Born in Hong Kong, Fu came to the United States at the age of five and spent 19 years in South Carolina before moving to Los Angeles three years ago. He says he didn’t know any other Asians in South Carolina.
“South Carolina’s population is black and white,” he says, “but I experienced no racial tension there at all. My black friends invited me home and cooked for me. They treated me like everyone else.”
As an Asian American growing up with black friends in South Carolina, Fu says he appreciates the idea of having a black president of the United States. “If you’ve ever traveled outside this country, you know that when people talk about America, they think of Caucasians, white people,” says Fu. “A black president will let people know we’re a multiracial country.”
Asian Americans have supported Clinton in large numbers for a variety of reasons, Fu argues in his petition. “One important factor in Asian Americans’ preference of Sen. Clinton over Sen. Obama may be the endorsement of Sen. Clinton by the 80-20 Initiative, because she signed an iron-clad promise to bring equal opportunity in workplaces for all Asian Americans a month and a half before Obama did.”
The election is “not about race and skin color,” Fu adds. “We African Americans, Asian Americans and other racial groups are one America.”
S. B. Woo, who was born in Shanghai and moved to the United States in 1956 at the age of 18, shares Fu’s perspective of the unity of Americans and is hoping for a “win-win” resolution with CNN.
But with the American civil rights movement deeply rooted in his heart, Woo is more interested in uniting all Asians. His wish, reflected in the name “80-20 Initiative,” is to direct 80 percent of Asian Americans’ votes in one direction for the equal opportunity of all Asian Americans and the benefit of the nation.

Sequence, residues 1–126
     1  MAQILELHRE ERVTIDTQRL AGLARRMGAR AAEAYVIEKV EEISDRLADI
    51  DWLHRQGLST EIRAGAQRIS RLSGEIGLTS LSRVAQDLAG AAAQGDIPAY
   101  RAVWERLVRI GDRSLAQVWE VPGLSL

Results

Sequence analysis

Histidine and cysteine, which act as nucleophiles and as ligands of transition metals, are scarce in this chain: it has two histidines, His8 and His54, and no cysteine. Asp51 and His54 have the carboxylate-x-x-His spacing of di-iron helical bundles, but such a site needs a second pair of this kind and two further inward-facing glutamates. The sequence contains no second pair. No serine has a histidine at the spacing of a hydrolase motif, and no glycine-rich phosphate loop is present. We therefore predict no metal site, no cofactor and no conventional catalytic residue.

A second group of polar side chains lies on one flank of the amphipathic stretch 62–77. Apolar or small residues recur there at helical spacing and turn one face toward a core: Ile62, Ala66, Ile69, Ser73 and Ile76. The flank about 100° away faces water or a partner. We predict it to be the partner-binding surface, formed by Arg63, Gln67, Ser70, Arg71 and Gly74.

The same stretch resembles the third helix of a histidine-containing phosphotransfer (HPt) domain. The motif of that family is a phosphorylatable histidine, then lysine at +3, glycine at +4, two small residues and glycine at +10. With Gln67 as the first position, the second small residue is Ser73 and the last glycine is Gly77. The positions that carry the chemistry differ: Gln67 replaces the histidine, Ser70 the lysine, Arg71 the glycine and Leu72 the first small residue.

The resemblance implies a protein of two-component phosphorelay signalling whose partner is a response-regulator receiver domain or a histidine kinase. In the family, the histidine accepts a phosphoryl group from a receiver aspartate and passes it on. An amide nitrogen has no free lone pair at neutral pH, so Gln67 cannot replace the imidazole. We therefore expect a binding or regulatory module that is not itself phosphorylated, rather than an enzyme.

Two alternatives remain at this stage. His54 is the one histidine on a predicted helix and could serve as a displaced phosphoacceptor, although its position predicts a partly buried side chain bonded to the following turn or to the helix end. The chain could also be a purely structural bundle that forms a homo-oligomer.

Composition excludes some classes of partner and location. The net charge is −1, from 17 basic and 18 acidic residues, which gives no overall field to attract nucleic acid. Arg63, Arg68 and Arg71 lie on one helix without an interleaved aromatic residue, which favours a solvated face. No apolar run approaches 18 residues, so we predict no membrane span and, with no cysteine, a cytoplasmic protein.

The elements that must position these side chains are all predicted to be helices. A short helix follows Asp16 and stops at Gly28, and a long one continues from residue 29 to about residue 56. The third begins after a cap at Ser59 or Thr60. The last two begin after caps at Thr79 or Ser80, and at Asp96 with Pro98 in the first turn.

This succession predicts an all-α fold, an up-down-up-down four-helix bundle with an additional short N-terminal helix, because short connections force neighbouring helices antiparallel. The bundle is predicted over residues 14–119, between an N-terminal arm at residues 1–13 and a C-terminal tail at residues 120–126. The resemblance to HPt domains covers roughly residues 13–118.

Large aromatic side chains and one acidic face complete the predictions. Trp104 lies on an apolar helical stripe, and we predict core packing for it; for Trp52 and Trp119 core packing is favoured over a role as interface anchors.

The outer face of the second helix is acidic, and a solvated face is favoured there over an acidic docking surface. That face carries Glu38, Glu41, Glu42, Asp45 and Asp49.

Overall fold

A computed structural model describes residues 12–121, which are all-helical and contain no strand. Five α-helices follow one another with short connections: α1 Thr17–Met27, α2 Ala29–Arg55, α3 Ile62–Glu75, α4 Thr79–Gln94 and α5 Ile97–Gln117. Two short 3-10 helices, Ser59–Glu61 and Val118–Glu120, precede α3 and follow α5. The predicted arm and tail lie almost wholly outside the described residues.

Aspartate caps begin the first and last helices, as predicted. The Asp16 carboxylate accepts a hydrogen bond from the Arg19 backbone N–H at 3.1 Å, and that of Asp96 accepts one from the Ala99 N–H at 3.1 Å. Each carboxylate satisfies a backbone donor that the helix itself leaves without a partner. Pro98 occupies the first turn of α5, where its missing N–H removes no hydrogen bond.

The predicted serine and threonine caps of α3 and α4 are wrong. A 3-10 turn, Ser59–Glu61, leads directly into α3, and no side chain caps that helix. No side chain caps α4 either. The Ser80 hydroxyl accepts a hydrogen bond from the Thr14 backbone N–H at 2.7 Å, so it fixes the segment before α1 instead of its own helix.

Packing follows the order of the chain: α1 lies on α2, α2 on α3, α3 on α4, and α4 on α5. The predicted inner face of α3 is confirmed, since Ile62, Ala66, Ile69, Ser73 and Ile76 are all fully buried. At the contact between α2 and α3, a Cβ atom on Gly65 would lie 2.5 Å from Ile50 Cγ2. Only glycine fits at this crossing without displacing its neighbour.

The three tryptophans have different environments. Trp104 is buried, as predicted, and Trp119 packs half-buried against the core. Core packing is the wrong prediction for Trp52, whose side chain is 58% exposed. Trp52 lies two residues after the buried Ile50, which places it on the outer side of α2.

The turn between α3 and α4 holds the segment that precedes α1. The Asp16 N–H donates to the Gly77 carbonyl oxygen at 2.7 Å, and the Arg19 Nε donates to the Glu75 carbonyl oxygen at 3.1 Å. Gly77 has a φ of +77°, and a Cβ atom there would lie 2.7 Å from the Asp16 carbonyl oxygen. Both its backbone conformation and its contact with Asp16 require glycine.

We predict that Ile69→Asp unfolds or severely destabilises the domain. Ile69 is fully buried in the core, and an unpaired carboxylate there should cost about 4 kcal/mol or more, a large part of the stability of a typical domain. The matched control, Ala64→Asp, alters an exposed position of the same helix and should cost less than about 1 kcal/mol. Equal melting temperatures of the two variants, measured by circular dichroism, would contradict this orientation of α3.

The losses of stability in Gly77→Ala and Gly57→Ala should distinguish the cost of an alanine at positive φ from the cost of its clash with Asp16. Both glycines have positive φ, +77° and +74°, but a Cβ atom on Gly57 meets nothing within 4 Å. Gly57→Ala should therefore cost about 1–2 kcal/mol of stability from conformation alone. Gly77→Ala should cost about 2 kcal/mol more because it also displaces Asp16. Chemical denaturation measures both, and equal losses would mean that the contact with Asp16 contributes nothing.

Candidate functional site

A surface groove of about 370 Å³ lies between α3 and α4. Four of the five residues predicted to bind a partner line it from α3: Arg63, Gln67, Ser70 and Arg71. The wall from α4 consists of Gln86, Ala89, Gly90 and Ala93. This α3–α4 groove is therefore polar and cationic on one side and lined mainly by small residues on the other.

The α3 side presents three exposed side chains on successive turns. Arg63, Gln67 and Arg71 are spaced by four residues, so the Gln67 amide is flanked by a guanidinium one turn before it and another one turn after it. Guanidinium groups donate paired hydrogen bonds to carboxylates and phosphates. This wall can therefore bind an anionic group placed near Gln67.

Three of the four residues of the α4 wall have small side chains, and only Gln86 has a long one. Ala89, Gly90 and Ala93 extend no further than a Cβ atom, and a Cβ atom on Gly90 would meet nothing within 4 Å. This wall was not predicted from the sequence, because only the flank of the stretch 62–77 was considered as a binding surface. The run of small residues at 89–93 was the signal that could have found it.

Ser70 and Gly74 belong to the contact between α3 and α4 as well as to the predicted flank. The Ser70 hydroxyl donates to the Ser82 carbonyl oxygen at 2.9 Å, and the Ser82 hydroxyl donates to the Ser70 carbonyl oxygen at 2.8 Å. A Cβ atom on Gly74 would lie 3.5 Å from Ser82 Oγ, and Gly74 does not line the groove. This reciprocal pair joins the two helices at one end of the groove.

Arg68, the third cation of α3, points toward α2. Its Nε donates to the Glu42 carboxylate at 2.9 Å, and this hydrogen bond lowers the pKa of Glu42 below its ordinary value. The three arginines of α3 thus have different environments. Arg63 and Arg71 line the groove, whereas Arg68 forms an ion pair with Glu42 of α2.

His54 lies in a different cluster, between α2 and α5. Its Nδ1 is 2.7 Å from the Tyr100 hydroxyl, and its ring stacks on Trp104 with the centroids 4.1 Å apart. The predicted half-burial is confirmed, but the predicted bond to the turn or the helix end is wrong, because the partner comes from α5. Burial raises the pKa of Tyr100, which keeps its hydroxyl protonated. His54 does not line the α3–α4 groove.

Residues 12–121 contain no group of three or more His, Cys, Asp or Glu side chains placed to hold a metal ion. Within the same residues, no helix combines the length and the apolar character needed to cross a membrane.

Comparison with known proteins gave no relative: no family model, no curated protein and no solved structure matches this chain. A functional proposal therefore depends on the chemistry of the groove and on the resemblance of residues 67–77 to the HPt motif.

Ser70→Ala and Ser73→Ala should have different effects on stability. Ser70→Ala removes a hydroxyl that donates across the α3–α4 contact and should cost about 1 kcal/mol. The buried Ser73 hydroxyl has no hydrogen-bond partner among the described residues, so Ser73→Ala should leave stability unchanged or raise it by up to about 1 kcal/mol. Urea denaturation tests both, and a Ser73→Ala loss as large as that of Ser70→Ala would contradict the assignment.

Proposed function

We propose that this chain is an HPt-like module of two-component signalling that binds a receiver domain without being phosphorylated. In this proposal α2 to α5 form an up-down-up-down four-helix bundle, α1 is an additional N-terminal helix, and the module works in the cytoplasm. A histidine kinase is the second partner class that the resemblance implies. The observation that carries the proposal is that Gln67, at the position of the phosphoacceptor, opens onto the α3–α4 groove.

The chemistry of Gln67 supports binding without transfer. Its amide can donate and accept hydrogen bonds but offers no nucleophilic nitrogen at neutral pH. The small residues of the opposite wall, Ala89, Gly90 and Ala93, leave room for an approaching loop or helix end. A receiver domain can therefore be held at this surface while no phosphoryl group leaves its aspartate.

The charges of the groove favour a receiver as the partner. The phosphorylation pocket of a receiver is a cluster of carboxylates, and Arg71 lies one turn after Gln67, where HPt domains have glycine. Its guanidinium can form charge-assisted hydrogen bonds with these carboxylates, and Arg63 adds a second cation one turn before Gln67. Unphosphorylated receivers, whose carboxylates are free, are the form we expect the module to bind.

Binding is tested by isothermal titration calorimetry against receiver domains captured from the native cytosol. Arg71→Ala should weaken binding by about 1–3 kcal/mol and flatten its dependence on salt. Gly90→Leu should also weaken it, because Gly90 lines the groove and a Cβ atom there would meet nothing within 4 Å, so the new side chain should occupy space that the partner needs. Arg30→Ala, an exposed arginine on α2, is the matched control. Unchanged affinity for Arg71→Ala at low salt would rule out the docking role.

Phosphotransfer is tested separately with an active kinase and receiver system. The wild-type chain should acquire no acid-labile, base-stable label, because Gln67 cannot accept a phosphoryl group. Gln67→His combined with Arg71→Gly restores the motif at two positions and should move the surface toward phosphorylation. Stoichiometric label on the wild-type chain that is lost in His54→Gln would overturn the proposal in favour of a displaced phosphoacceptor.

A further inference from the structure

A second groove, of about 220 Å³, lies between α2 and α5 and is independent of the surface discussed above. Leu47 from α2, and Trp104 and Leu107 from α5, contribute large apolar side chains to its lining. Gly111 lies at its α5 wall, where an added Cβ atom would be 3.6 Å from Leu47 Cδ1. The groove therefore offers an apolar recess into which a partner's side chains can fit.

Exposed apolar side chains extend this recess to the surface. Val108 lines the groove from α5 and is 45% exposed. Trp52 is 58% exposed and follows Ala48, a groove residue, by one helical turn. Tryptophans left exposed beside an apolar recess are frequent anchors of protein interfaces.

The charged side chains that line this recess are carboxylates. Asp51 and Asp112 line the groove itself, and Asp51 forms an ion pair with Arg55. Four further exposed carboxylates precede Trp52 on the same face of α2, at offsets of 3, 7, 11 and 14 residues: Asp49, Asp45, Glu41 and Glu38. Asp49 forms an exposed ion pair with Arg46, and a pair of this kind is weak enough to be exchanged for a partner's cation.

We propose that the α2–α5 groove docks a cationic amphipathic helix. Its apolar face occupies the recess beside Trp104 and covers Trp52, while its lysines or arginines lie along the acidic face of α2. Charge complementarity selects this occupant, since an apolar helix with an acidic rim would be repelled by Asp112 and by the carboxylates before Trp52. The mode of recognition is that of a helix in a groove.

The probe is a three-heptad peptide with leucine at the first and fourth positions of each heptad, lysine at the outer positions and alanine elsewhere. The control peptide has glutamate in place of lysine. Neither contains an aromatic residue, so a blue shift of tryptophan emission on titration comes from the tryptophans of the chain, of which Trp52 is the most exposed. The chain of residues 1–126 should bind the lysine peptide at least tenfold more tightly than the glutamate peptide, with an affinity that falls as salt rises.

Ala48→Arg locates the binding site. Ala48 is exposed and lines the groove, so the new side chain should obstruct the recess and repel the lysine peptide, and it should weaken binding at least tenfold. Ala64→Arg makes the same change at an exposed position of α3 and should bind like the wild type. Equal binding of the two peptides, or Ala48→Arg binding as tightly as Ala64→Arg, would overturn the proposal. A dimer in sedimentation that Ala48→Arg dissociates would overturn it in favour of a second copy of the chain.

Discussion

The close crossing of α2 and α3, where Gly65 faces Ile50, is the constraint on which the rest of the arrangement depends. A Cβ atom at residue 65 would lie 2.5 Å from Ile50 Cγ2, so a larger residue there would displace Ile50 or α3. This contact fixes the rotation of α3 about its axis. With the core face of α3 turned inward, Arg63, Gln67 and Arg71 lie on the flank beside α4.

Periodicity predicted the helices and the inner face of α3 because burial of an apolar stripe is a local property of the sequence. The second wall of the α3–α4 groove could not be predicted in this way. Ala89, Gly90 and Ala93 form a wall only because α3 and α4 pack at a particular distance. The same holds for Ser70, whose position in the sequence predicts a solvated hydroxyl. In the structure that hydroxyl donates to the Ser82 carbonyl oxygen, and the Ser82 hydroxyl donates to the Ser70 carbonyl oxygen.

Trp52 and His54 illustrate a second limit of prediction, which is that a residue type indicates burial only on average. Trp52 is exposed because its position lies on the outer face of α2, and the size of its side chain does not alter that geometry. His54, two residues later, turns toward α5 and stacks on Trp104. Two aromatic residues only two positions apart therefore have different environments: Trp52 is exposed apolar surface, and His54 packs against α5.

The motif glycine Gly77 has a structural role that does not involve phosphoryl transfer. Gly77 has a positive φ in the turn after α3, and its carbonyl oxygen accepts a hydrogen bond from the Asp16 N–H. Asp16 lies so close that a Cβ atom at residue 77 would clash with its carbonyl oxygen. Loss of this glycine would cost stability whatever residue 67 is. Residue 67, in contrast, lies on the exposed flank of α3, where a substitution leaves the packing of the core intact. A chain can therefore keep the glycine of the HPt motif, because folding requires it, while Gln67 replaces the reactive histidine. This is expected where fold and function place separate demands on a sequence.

When he moved here in the 1950s, Asians represented less than one percent of the American population. They were almost invisible. In half a century, Asian Americans have increased to more than four percent of the U.S. population, but their voices have still largely gone unheard.
One comment posted by Jo Ann from North Royalton, Ohio on CNN’s website touches on the invisibility of Asians, a race that she says “hasn’t been considered.” “It does seem that whenever we talk about race we seem to forget about the Asian-American population,” she writes. “I often wonder why it is that they never seem to complain about being left out. Shame on us for not considering them without being prompted!”
Woo says he has learned a lesson from “older Asian Americans” who he says surrendered too easily in the face of challenges. When he immigrated to the United States, African Americans were suffering greatly from discrimination. But they fought back and gained from the civil rights movement. Asian Americans, he says, also need to stand up.
“We Asians benefit from blacks. But we should not take it for granted,” he says, stressing the need for Asian Americans to take action to realize their own dreams.